Sear, D.A. and Newson, M.D.
Environmental change in river channels: a neglected element. Towards geomorphological typologies, standards and monitoring
Science of Total Environment, 310, (1), . (doi:10.1016/S0048-9697(02)00619-8).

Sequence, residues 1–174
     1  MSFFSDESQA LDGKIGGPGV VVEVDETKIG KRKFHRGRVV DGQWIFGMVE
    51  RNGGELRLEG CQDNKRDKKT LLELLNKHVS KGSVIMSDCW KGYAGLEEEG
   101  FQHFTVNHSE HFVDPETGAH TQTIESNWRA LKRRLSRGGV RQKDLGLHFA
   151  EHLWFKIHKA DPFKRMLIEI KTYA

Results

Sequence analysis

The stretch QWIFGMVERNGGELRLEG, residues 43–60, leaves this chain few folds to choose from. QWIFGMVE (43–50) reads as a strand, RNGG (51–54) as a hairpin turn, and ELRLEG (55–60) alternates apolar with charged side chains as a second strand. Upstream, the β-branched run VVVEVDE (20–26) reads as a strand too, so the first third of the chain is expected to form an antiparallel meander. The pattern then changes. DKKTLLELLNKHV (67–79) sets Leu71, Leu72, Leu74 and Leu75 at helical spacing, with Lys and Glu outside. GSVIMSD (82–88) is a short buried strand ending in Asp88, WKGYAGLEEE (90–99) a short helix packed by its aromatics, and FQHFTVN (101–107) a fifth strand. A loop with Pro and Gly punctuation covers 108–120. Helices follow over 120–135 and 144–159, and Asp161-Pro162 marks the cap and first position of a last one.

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Rivers integrate the impacts of change in atmospheric and terrestrial systems; they then deliver these to the coast. En route geomorphological processes create dynamic and diverse habitats, both in-stream and in riparian/floodplain ecotones. The dynamics of channel change conflict with human resource development, the outcome is that many river and riparian environments have been significantly modified, complicating the interpretation of change. Collection of geomorphological data on both form and process has to date been overwhelmingly an academic pursuit; standard measurement networks and long-term monitoring have, as a result been largely absent-as in the Environmental Change Network (ECN), despite the emerging requirements of legislation such as the EU Water Framework Directive. In this paper, we utilise a unique set of repeat channel surveys and long-term bed-load sediment yields to provide guidance on both definitions of change and those variables and survey techniques which might form the basis, in future, of improved national-scale monitoring. The Environment Agency's River Habitat Surveys suggest the basis for channel typologies that could structure a sampling framework and rationalise the variables to be monitored. We also point to the value of more detailed geomorphological procedures in use at the catchment/project scale-Catchment Baseline Surveys and Fluvial Audits-as a standardised basis for monitoring the detail of change in the fluvial sediment system. A perfect opportunity to lay foundations for such monitoring activity has been provided in England and Wales by the winter floods of 2000/2001.
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